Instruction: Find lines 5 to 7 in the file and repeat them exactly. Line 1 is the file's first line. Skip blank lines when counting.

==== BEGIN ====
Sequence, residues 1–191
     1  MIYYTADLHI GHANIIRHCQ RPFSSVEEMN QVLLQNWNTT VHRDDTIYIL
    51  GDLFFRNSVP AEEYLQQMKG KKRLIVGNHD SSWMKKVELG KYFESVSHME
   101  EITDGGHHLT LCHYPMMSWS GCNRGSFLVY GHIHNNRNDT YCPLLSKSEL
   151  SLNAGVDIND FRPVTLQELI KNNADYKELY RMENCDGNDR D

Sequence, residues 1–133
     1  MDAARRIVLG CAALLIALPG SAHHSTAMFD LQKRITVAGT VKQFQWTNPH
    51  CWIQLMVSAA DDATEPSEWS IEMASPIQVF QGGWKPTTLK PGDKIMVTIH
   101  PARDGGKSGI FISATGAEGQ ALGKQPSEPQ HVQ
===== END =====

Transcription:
   151  SLNAGVDIND FRPVTLQELI KNNADYKELY RMENCDGNDR D

Sequence, residues 1–133
     1  MDAARRIVLG CAALLIALPG SAHHSTAMFD LQKRITVAGT VKQFQWTNPH